This is why the church exists, and this is why we should form accountability or discipleship groups. Our hope should be the growth of disciples, who will become disciple makers.
Imagine what would happen if leaders cast this vision to people they lead in accountability groups. There would be a solid foundation to build a healthy group. A healthy group will have a clear vision, and our Savior has given us that vision.
This may seem obvious, but the Bible is our source for knowing God and understanding what it means to follow Him. All groups must have the Bible close by as they meet and walk together.
If we begin to remove the Bible from accountability groups, we can easily drift into the thoughts of man. When you meet, grab the Bible and make it the source of everything you say and do.
Why have an outward focus for accountability groups?
When people become too focused on their own problems, they can easily become selfish. Focusing outward on those who need service and the love of God will help take the spotlight off self and move it onto others.
Remember, our goal is to make disciples who make disciples. If we can’t get our people to look outward in accountability groups, they will never see the need to pour into other people.
The Love of God
The love of God is the greatest cure for sin. Most accountability groups I’ve been in are for people trying to fight sin they can’t seem to conquer. These groups get created for people to find a “cure.” People hope if they have to confront their group each week, they will be shamed out of their sin.
An accountability group alone will not fix your sin problem. However, if an accountability group meets to love God and pursue knowing God, then there is hope.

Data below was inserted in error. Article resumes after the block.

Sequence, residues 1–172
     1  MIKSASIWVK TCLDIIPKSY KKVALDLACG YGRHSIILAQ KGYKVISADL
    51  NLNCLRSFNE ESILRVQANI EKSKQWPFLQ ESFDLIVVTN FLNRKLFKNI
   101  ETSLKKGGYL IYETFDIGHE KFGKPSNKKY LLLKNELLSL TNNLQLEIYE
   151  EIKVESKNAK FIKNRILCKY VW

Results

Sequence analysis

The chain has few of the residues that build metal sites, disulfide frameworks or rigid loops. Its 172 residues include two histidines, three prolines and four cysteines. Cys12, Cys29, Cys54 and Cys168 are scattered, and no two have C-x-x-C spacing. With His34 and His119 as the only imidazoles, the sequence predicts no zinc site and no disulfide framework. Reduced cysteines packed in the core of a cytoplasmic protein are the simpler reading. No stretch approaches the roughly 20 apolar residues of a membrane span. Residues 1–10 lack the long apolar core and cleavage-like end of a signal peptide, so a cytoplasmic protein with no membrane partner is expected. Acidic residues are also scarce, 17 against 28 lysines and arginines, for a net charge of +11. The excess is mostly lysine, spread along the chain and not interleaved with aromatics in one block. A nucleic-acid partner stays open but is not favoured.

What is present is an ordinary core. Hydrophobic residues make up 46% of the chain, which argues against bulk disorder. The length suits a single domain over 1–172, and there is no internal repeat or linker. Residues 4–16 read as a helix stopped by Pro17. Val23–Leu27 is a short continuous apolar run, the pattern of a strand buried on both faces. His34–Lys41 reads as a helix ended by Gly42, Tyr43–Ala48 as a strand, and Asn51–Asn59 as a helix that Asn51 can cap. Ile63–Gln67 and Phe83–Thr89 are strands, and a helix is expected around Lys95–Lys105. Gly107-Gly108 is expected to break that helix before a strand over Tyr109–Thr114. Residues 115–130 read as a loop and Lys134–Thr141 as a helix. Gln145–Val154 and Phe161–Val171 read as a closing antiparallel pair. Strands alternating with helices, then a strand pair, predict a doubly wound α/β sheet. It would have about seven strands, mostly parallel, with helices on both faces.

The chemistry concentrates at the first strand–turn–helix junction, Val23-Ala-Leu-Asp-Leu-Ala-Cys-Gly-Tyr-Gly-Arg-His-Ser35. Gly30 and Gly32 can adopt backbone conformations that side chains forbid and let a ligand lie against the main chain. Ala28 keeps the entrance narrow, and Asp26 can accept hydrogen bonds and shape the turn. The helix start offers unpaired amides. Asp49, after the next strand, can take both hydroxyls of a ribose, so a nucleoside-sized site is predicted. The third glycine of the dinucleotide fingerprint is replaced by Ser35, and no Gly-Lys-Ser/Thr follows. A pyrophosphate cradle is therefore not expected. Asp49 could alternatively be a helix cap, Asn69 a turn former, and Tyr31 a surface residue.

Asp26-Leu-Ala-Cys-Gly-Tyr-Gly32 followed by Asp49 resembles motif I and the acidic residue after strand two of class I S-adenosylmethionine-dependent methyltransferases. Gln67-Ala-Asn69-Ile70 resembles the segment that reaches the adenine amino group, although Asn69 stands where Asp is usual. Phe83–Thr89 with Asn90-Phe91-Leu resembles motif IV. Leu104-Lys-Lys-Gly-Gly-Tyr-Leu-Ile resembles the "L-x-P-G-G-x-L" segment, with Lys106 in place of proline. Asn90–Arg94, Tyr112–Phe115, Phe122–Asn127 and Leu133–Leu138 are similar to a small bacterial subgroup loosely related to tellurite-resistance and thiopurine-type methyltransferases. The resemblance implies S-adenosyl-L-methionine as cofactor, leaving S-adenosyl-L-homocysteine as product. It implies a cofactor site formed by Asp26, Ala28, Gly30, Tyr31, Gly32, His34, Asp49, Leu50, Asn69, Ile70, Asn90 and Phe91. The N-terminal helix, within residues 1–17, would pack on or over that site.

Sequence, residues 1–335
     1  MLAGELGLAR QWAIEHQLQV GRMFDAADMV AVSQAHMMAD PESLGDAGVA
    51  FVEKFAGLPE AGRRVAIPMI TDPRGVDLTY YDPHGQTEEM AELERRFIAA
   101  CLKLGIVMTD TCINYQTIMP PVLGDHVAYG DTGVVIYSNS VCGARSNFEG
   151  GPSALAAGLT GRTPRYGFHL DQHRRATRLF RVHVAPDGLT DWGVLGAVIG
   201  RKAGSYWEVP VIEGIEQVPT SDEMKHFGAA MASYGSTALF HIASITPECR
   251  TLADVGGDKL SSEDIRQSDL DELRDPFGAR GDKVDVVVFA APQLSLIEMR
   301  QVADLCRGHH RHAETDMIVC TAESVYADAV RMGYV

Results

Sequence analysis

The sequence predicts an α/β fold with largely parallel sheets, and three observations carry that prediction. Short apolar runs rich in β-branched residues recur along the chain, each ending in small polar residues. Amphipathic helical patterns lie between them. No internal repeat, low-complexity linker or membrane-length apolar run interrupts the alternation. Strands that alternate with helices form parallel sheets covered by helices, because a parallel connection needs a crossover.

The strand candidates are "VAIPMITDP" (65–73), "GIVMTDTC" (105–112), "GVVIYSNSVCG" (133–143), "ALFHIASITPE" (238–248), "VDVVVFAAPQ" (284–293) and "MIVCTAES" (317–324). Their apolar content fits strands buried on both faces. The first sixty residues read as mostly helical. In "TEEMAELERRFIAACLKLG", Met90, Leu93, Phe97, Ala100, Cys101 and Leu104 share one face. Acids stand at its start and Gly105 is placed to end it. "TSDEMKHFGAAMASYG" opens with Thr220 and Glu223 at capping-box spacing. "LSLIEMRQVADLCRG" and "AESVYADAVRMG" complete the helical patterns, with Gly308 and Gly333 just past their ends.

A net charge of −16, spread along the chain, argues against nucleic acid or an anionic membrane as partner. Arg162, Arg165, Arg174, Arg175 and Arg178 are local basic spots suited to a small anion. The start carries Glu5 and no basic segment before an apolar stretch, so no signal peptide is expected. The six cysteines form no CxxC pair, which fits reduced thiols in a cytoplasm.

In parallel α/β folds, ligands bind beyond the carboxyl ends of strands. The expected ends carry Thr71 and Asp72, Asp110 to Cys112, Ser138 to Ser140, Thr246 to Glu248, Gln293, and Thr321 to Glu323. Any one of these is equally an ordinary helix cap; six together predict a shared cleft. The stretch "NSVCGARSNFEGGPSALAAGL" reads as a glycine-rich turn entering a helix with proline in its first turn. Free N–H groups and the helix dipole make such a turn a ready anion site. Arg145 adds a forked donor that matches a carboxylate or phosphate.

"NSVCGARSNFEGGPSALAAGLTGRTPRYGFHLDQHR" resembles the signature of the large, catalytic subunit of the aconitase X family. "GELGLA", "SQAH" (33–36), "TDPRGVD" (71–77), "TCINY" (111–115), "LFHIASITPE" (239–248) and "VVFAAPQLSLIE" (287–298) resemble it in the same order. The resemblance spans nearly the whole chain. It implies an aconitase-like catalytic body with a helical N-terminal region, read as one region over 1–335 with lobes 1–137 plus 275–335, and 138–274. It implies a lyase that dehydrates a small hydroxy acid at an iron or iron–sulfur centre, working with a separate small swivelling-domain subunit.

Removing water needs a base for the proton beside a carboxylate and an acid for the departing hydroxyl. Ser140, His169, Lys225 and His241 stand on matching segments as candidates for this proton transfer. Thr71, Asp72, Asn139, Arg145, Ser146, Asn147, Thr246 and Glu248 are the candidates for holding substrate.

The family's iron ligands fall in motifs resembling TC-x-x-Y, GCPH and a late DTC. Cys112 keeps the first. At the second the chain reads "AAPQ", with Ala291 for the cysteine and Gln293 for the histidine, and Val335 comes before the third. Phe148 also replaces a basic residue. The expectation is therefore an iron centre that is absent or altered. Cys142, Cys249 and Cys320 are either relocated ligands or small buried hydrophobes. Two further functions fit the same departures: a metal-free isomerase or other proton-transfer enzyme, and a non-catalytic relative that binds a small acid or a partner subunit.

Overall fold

Thomas Chalmers, in The Expulsive Power of a New Affection, argues the way to remove the love of the world is to replace it with a greater love for God. If we place our affection toward God, only then does the love of this world grow weak.
This is a major element missing in accountability groups. Many groups expect the group itself to be the source of strength. Rather, the group should be the catalyst to help its members love God, so their sin will look less enticing. When one falls deeply in love with God, enjoying Him alone, then sin becomes weak and its grip is loosened.
If you’re in an accountability group or seeking to join one, these five elements could make for a fruitful group. The vision of disciple-making should overshadow the confession of sin.
Accountability groups can become weak because they forget their ultimate purpose. Rather than create something new, listen to Jesus and make disciples. If we look to our Savior, we’re heading in the right direction.
- Developing a Culture of Discipleship in Your Church
- Why We Gather: Three Points for Small Group Success
- Anchored in Community: The Essential Nature of Groups in Discipleship
JUSTIN TUCKER is pastor of adult discipleship and missions at Grace Community Church in Nashville, Tennessee.